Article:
Charter Schools Create Diverse Choices for Students with Different Needs
By Miranda Bonifield
Parents know the educational needs of their children are as diverse as they are. As Lance Izumi notes in his new book Choosing Diversity, families use the flexibility of charter schools to cater to their students’ unique needs. Some choose classical schools rooted in the Socratic method, while others seek out technical schools which cater to students’ individual learning styles. And for some kids experiencing homelessness, charter schools can provide a point of stability and hope.
Transient housing may have a lifelong impact on educational outcomes for the estimated 22,000 students in Oregon who statistically fall behind in grades and graduation rates. When a student’s address is constantly shifting, it is difficult to feel secure enough to keep learning.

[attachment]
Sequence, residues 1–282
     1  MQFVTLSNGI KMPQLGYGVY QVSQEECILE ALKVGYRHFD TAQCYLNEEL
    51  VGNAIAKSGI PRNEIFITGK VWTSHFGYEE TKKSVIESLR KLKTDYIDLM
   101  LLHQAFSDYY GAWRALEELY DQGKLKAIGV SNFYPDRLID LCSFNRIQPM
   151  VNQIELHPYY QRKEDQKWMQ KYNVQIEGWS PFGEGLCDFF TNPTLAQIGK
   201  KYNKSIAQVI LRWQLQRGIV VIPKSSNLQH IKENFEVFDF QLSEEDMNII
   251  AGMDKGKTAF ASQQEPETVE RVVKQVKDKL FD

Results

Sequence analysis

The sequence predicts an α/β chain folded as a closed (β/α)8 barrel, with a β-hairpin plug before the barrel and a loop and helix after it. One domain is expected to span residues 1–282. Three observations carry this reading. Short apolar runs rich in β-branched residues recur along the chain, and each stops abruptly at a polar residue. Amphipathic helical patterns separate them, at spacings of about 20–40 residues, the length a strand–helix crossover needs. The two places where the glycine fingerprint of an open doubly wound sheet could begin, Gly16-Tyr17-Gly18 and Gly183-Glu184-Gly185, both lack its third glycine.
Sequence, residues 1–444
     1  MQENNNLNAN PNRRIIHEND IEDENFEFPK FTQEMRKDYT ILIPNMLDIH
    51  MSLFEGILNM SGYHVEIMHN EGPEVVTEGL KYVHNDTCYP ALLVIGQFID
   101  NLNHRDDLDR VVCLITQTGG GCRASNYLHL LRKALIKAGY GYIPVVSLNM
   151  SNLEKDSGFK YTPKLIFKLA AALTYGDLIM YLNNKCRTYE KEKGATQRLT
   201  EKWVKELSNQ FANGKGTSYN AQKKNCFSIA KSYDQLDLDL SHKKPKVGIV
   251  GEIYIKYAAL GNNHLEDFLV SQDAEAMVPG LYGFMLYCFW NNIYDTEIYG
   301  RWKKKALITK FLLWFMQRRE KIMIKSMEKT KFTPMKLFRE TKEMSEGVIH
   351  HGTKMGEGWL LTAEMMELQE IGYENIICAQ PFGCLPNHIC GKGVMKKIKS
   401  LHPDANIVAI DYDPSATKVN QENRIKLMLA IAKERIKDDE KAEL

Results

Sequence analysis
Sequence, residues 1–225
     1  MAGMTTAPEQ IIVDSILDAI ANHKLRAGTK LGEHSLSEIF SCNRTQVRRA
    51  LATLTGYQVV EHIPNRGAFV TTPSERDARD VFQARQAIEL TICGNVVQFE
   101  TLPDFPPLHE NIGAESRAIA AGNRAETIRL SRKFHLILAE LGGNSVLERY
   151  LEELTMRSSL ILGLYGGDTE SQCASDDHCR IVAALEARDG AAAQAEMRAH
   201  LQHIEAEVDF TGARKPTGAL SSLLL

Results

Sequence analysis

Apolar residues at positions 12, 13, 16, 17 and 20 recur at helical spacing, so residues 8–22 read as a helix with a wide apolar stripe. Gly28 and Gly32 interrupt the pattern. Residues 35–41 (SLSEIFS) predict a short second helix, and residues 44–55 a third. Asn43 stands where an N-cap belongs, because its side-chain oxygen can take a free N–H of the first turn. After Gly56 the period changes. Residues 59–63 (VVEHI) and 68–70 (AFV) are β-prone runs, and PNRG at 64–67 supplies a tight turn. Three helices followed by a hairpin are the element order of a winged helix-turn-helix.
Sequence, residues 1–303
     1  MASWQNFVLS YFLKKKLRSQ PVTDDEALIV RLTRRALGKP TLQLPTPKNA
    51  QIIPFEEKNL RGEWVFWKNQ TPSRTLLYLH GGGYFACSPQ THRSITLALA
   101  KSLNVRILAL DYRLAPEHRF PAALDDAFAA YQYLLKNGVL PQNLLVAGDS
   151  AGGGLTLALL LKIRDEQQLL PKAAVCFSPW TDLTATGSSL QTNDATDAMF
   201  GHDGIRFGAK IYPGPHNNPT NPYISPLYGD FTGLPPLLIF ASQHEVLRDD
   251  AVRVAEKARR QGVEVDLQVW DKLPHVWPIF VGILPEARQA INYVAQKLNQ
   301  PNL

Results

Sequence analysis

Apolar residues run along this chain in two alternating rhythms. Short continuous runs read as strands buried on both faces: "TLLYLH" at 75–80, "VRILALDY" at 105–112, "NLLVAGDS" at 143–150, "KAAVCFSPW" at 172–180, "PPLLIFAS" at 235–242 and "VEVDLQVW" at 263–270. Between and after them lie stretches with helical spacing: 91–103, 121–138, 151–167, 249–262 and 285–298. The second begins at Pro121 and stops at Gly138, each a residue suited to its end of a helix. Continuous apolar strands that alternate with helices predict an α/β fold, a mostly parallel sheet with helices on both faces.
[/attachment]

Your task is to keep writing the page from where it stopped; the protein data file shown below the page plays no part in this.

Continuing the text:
Enter charter schools like Life Learning Academy in San Francisco. Instead of falling through the cracks as they might in a traditional public school, at-risk students are given the specialized attention and consistency they need. Students come to Life Learning Academy with low grade point averages and low self-confidence. They leave not only prepared for college, but with the skills they need to succeed as independent adults. As one student put it, “a little bit of care and positivity can change your life.”
School choice helps students from all backgrounds to find successful educational paths to a healthy and bright future.
Miranda Bonifield is a Research Associate at Cascade Policy Institute, Oregon’s free market public policy research organization.
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